EDITORIAL

Replication challenges

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Science  06 Sep 2019:
Vol. 365, Issue 6457, pp. 957
DOI: 10.1126/science.aaz2701

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CREDIT: TERRY CLARK

The ability to test validity by replicating experiments and comparing results is a cornerstone of science. The events that followed publication of “Sustained virologic control in SIV+ macaques after antiretroviral and α4β7 antibody therapy” by Byrareddy et al. in Science in 2016 (hereafter Byrareddy) provide insights into some challenges associated with replication. Byrareddy reported striking efficacy of an approach for controlling simian immunodeficiency virus (SIV) in rhesus macaques in a sustained manner, a result of potential importance for treatment of human HIV disease. Three papers in this issue report attempts to replicate these results. The matters associated with Byrareddy and these studies provide a concrete framework for discussing our policies related to replication studies.


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CREDIT: ADAPTED BY C. AYCOCK/SCIENCE FROM ISTOCK.COM/ZHAZHIN_SERGEY

Underscoring the importance of replication, the leadership at the U.S. National Institute of Allergy and Infectious Diseases, some of whom were involved in both the conduct and the funding of the Byrareddy research, decided to move forward with replication studies. Early in these efforts, the SIV strain used in Byrareddy, which was described as “SIVmac239,” was sequenced, demonstrating that the strain used had a stop codon in the SIV Nef gene. Subsequent communications with Science revealed that this was a conscious choice of the coauthor who supplied the virus, with the rationale that the virus with this variation is a better model for chronic human HIV infection. This fundamental aspect of the experimental design was not effectively communicated across the author team nor to the readers of Science. This lack of clarity is an unacceptable communication failure that affected interpretation of the results both before and after publication; Science has now corrected the paper.

Two of three attempted replications used the same SIVmac239-nef-stop strain, whereas the third used a different strain (SIVmac251) that lacked stop codons in any SIV gene. However, the results of all three studies were similar to each other and quite different from those reported in Byrareddy, with no durable control of SIV upon discontinuation of antiretroviral drug therapy. We have added an Editorial Expression of Concern so that all readers are aware of the failure of these attempted replications.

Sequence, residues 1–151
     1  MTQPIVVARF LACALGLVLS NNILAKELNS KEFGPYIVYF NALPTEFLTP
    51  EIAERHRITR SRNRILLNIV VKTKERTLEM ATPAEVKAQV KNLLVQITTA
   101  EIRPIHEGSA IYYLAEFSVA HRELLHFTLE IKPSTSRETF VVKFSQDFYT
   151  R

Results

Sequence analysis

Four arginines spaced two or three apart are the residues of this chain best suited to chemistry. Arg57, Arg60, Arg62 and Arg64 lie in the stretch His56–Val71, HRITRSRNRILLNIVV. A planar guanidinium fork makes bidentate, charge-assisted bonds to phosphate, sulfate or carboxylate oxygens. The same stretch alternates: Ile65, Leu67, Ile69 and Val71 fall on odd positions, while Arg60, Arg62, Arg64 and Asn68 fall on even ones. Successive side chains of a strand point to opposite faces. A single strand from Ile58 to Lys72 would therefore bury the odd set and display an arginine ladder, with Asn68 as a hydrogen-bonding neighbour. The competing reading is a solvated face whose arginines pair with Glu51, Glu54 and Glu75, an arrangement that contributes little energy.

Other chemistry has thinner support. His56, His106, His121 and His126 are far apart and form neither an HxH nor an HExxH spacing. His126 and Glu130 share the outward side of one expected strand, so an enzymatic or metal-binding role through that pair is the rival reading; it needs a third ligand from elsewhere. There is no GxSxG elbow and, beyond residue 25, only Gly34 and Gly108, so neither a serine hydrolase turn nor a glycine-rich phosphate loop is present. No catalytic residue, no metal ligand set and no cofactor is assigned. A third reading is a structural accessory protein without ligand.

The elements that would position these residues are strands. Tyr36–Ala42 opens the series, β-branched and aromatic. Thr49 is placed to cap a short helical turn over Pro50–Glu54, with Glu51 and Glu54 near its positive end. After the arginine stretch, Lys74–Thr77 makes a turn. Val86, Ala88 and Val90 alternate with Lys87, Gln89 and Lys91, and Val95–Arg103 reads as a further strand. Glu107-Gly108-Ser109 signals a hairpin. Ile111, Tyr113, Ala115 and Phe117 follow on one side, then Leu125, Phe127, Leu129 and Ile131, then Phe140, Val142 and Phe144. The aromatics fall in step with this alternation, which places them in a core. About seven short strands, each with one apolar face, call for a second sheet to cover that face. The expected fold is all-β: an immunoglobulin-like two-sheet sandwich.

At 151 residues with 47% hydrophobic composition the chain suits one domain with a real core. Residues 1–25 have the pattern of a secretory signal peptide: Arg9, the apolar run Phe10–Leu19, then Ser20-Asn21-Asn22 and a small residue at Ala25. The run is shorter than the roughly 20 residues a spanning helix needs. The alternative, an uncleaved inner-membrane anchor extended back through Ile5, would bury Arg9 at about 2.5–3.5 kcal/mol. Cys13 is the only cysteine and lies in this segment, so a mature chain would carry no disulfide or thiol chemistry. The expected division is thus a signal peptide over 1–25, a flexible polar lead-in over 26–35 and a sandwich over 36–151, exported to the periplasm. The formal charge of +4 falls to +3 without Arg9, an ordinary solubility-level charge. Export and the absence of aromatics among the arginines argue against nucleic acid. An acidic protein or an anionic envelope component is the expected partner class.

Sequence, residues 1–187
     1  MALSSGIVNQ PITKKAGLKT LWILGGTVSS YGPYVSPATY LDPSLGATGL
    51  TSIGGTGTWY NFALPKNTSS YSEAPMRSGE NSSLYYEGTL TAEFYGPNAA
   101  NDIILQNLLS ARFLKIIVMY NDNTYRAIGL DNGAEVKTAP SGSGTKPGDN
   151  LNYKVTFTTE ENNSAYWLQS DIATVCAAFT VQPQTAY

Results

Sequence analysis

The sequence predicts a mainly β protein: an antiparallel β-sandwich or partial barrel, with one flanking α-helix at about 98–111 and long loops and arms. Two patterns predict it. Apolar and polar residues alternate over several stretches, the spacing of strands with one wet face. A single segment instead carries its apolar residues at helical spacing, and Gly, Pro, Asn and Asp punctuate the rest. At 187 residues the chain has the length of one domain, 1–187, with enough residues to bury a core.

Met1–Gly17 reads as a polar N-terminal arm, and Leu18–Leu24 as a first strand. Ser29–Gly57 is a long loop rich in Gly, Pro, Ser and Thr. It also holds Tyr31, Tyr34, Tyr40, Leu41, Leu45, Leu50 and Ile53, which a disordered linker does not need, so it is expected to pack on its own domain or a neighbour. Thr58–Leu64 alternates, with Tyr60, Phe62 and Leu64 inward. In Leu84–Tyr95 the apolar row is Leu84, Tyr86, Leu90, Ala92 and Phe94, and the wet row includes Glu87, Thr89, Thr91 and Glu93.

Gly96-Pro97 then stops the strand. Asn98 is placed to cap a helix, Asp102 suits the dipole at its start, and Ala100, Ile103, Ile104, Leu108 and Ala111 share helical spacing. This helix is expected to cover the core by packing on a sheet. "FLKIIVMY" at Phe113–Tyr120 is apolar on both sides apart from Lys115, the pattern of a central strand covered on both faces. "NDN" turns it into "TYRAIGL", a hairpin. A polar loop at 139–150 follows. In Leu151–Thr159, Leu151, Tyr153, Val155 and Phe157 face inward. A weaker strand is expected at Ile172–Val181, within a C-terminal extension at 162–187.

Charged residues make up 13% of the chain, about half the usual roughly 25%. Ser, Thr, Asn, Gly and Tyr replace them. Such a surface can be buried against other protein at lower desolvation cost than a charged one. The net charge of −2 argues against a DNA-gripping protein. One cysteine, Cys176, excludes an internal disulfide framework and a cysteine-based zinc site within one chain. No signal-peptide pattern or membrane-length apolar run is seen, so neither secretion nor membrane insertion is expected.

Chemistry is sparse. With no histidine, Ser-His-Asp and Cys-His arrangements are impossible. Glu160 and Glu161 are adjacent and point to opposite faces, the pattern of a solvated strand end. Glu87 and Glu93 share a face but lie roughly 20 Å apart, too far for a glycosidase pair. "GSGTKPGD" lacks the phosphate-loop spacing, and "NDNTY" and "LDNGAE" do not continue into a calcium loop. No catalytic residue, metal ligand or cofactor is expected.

These experiences reveal some of the challenges related to replication. The Byrareddy authors have not provided any experimentally supported explanation that accounts for the differences between their observations and those from the replication studies but, nonetheless, stand by their results. These complicated biological studies involve many variables in addition to the viral strain, including the immunological experiences of the experimental animals, the methods used for viral exposure, and other factors. Even matching these factors as closely as possible, hidden variables might exist that cause differences. However, experiments that conceptually match the original study but differ in other ways can probe the robustness of the results, and such robustness can affect the likelihood that results might be translated into practice. Results of a clinical trial in 20 HIV-infected individuals treated with α4β7 antibody therapy, conducted in parallel with the replication studies and just published in Science Translational Medicine, show no durable HIV response.

The facilitation and communication of replication studies for important results is a challenge for the scientific and publishing communities. The policy of the Science family of journals is to encourage the submission of replication studies that provide new insights into previously published results. These submissions are held to the same standards as other content, with key factors including the likelihood that these papers will be influential in their fields or across fields. The novelty of the question is not a consideration, but continued high interest in the question is. Priority may be lower for cases in which the original paper would be unlikely to meet current community standards. More examples of the implementation of these policies to specific cases will help provide clarity to the scientific community.

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